self is that God has already declared it to be true of us. This is what
makes this vastly different from just positive thinking. As I
mentioned on Sunday, Christian growth is NOT becoming someone you are
not yet, rather it is becoming the person you already are in Christ.
This is not just double talk! Rather God has already declared that our
new self is our true identity—it’s our true identity because in the
fully realized kingdom of God, that is what we will be like for
eternity. God not only knows this, but He has already experienced us in
this state! So even though you are not yet perfect, because of Jesus
Christ, you already have a new identity in Him!
Allow me to illustrate this in another way. Imagine if God allowed you
to enter a time machine and you were propelled into the future. You are
now living in your glorified state. You are perfect in every
way—perfect spiritually, physical, emotionally, mentally, etc. You have
one sole desire—to live for the glory of God and every thought and
action are pleasing to Him. But after a few years in this glorious,
joyous state, you realize something—you realize that you never finished
living your earthly life. You realize that there was God-ordained work
for you to do that you never finished. You realize that there were
lives to touch for Jesus Christ that you hadn’t touched—people whom God
wanted to use you to reach with the life-transforming Gospel. And so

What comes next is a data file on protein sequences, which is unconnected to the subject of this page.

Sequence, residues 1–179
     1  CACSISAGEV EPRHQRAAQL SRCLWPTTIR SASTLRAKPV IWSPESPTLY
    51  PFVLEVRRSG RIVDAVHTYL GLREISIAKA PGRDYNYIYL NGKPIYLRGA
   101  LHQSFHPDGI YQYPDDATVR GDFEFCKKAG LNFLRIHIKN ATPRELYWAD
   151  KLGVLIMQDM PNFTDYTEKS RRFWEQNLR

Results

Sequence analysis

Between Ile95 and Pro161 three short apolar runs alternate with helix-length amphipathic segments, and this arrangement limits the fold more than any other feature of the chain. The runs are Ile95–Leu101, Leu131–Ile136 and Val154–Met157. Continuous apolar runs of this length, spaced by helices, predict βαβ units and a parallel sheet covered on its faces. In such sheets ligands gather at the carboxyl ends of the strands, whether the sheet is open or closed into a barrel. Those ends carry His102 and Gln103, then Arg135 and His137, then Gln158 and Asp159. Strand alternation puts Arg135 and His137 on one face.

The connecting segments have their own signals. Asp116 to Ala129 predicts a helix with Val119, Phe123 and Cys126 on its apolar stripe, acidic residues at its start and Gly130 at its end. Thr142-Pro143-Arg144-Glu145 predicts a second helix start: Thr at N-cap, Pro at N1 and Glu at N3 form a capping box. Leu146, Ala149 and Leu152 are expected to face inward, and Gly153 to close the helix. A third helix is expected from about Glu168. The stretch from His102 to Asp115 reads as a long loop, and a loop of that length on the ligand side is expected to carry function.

you talk to Jesus about it and He gives you permission to go back in
time to finish out your earthly life. So now you are back here in the
present. Do you think you would live any differently, knowing what it
was like to be completely made new in your new self?
Similarly, God says to live in light of that new, true identity! So
take off the old self and put on the new self, because the new self is
who you already are in Christ!
1 For instance, consider our salvation. The majority of
verses in the New Testament refer to salvation as something we have
already received in the past when we placed our faith in Christ For
instance, Ephesians 2:8-9 says, 8 “For by grace you have been saved through faith. And this is not your own doing; it is the gift of God, 9 not a result of works, so that no one may boast.” Note that “saved” is in the past tense. But 1 Peter 1:8-9 says, 8 "Though
you have not seen him, you love him. Though you do not now see him, you
believe in him and rejoice with joy that is inexpressible and filled
with glory, 9 obtaining the outcome of your faith, the salvation of your souls.”
In these verses, salvation is something we are currently “obtaining” in
the present (cf. 1 John 1:9). Finally, Romans 13:11 says, 11 “Besides
this you know the time, that the hour has come for you to wake from
sleep. For salvation is nearer to us now than when we first believed.”
In this last verse, salvation is clearly something in the future. So
is salvation past, present, or future? The answer is yes! It is past,
present, and future! This is because our salvation is related to this
theological concept of the “already-but-not-yet kingdom.”